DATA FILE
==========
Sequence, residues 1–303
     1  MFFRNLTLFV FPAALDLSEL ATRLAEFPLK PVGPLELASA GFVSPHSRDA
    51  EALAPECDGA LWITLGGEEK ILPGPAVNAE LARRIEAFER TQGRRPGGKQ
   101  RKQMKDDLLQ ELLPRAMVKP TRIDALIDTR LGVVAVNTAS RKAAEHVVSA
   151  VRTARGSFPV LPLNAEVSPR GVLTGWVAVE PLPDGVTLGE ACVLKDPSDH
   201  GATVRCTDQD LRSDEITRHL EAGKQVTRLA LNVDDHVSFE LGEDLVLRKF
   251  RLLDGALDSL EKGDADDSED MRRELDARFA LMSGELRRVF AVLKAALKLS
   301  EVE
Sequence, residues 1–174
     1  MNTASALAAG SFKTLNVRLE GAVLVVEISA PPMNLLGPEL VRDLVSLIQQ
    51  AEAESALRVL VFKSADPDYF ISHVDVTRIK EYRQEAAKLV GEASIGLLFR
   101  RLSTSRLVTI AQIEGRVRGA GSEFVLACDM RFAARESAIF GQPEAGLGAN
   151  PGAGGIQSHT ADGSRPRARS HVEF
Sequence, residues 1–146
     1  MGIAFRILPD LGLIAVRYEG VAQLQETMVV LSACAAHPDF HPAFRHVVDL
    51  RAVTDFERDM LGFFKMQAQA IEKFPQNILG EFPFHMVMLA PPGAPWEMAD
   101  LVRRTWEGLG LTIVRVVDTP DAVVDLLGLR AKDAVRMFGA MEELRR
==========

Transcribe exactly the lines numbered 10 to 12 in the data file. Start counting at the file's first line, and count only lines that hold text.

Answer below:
     1  MNTASALAAG SFKTLNVRLE GAVLVVEISA PPMNLLGPEL VRDLVSLIQQ
    51  AEAESALRVL VFKSADPDYF ISHVDVTRIK EYRQEAAKLV GEASIGLLFR
   101  RLSTSRLVTI AQIEGRVRGA GSEFVLACDM RFAARESAIF GQPEAGLGAN